Also these extra options require that a special back-end interface be available, to add the tariff plans to each product and display this complex information in a simple table. After extensive research into market leaders such as Phones4u and Carphone Warehouse, we observed that complex filtering functionality, had to be programmed in order for the customer to make their exact choice, with the best user experience.

Our Solution

To respect the security and intellectual properties of the client, we are unable to name all of the tools but with the permission of wavemobilephones.com we are able to give a broad overview.

Firstly, at Alight Digital we do not believe in reinventing the wheel! We checked out the company's existing web store and found it to be one of the leading e-commerce engines. This gave us an excellent MVC framework to begin with!

What is an MVC framework?

For those of you unfamiliar with the term, it is a very efficient programming architecture which in web terms, keeps the database functionality, the coding logic and the graphical interface(our web page) neatly decoupled so that modifying core functionality can be effectively performed in different files whilst preserving the integrity of others.

Back-End Mods.

Our efforts in modifying the wavemobilephones store are best described in steps or milestones, as this was a long-term project:

  1. We extended the database architecture to include extra fields in the product inventory for the complex array of price plans. This involved creating a new installer so that these bespoke fields are created if the company ever moves hosting provider.
  2. We created a new module in the admin area which allows the company to upload a master-table of price plans and allows for the editing and removal of specific plans which constantly change in the mobile sales industry.
  3. We modified the product inventory in the admin area to allow these plans to be added and removed dynamically via AJAX to any product that required them.
  4. We modified the entire checkout system to allow the checkout to behave differently when dealing with a pay monthly plan than it does with a standard pay as you go product or accessory. This was particularly complex because it required the creation of a custom payment gateway to take in all of the detailed customer information necessary to sign up for a phone contract. This needed further database programming to allow different contracts to be displayed with their related phones. The user then had to agree to the contract before the checkout was engaged.

We looked at the whole process as a chain and made sure that the tariff and its respective contract could be passed from the product 'buy' page to the basket, through the checkout to the customer confirmation email and to the company's own order records in the admin area.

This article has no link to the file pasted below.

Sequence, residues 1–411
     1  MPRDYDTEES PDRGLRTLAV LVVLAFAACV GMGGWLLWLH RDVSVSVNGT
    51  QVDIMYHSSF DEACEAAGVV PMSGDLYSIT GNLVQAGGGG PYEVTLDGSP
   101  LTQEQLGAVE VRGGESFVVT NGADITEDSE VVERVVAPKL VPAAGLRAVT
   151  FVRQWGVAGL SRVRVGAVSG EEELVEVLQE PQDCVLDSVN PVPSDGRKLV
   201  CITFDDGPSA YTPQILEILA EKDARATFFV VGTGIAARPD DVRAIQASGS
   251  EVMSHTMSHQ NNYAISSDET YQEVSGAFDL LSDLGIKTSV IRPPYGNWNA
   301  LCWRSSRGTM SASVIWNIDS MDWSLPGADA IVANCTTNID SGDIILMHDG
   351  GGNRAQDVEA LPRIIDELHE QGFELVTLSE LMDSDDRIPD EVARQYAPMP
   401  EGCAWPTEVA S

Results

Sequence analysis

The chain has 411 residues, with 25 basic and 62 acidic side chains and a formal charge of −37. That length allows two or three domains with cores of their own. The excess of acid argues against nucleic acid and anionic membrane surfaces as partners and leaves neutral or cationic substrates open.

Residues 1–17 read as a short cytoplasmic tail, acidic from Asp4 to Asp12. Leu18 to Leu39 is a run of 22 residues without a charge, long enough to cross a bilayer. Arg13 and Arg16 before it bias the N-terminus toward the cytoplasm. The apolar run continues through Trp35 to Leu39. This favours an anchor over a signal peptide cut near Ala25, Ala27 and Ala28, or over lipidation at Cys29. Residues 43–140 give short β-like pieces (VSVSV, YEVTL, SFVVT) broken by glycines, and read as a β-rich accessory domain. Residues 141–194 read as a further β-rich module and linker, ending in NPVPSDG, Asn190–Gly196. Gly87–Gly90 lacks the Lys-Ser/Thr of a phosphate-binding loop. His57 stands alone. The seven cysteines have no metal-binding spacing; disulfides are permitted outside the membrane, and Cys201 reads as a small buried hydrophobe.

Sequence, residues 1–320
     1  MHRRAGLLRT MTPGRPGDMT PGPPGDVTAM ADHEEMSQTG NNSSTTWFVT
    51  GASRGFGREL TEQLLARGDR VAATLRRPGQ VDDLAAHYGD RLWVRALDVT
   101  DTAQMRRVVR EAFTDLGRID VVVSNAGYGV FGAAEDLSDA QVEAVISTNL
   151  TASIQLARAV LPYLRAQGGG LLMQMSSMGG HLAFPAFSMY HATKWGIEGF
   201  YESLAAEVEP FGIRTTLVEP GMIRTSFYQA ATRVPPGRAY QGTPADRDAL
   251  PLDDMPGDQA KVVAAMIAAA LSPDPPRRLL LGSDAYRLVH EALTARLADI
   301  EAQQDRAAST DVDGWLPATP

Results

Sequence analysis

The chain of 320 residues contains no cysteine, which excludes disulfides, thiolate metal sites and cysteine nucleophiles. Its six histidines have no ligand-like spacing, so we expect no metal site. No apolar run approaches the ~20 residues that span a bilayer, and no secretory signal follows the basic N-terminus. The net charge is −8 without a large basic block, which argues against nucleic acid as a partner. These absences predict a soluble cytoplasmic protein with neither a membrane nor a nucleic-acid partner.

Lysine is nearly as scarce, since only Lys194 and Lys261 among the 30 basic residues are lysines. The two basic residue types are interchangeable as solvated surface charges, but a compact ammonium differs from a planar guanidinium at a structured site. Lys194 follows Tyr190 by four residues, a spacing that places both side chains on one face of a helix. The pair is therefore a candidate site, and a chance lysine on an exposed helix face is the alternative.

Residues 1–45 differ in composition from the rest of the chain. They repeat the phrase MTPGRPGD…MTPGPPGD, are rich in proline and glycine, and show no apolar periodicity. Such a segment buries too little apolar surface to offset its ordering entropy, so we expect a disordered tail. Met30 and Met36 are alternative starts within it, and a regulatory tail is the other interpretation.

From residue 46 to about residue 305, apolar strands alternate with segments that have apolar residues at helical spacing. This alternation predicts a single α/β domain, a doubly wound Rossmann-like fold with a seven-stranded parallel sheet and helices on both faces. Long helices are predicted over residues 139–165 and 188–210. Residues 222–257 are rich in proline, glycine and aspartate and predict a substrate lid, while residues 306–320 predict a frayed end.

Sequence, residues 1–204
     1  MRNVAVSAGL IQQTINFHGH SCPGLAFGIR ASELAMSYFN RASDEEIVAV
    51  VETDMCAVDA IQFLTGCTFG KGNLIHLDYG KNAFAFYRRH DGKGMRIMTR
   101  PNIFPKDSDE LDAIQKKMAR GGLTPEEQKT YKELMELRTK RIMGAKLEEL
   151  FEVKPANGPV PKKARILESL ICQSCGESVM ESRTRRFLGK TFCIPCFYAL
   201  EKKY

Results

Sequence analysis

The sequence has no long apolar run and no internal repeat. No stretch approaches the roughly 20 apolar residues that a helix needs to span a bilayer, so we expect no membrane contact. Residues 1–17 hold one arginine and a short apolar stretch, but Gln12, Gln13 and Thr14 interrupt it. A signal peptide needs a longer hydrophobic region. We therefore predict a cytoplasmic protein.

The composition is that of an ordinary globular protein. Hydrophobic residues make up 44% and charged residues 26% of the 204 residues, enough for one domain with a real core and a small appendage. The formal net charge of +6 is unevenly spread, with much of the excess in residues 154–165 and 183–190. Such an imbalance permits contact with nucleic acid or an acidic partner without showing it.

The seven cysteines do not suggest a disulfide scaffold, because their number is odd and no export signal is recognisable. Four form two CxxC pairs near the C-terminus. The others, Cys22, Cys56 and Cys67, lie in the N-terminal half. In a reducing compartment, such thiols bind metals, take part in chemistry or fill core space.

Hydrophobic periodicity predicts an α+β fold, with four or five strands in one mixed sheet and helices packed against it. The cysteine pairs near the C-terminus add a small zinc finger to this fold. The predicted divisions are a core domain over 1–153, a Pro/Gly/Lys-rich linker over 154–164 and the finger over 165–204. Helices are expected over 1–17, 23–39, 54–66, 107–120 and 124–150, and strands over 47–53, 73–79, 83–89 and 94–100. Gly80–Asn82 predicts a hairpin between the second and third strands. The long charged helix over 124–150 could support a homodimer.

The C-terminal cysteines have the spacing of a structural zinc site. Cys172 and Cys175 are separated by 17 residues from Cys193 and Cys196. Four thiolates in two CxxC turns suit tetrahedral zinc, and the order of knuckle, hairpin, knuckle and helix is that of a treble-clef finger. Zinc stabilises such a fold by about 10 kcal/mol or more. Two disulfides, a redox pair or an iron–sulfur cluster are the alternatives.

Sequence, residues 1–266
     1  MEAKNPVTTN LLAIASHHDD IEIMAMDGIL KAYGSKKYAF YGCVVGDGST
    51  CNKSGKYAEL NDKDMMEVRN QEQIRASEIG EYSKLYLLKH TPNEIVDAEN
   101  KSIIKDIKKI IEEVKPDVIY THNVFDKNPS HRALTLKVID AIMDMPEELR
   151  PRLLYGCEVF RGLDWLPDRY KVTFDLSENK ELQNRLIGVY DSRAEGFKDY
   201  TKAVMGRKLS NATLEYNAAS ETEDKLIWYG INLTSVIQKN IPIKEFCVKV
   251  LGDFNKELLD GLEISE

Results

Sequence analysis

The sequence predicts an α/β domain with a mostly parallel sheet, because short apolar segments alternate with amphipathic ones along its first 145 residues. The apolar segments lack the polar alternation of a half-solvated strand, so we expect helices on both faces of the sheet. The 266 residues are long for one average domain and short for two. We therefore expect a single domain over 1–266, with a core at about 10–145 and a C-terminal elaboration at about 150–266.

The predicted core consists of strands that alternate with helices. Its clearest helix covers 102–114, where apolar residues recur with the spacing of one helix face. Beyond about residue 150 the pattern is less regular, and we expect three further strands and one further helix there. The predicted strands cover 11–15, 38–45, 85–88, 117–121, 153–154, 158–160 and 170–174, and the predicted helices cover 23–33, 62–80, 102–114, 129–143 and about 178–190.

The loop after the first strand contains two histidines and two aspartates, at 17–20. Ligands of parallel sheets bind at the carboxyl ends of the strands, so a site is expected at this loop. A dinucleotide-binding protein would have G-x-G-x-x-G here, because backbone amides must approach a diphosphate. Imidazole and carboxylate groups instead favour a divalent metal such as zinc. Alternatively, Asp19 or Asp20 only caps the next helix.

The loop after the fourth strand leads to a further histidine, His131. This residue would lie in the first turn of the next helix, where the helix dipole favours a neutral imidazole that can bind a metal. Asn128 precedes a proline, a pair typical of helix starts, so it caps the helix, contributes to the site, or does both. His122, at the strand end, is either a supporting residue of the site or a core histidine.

Front-End Mods.

With all of this completed, there was still the task of accomplishing all of that tricky filter functionality which most of the competitors had. The three main filters and the technique used for creating them are described below:

  1. The first filter is the "find your deal" filter on the homepage of the site. This allows the user to select a tariff type, a manufacturer and then searches the database with these parameters to return a list of matching mobile phones. The same technique was used to create all of the filters, each time that the user changed one of these dropdowns on the site, an AJAX (Asynchronous JavaScript And XML) request was fired from the event handler and constructed a query string in the controller file which in turn queried the database from the model file.This is described further below.
  2. The second filter was on the inner "category" pages and was constructed so that the customer could refine their search directly from the category page. This time, four variables were in place- tariff type, network, manufacturer and price-per-month. Exactly the same dynamic query string building technique was used and each time the selection was altered, a new AJAX query was fired, generating new results which are animated on the page like a deck of cards shuffling by the jQuery plugin Quicksand for extra visual impact. jQuery was particularly powerful here because we were able to use it to remove the value from each dropdown and pass the correct data to the controller file.
  3. The final and most important filter on the site was the price plan table filter. This was the filter that allows the customer to narrow down the complex price plan choice and match it with exactly what they want in terms of minutes, texts, data, network, etc. After rendering out the available plans from the product in question in a big table, each row of the table had its own html form which allowed us to send, via a standard form POST request, the chosen plan with the product into the checkout.

Check out the live site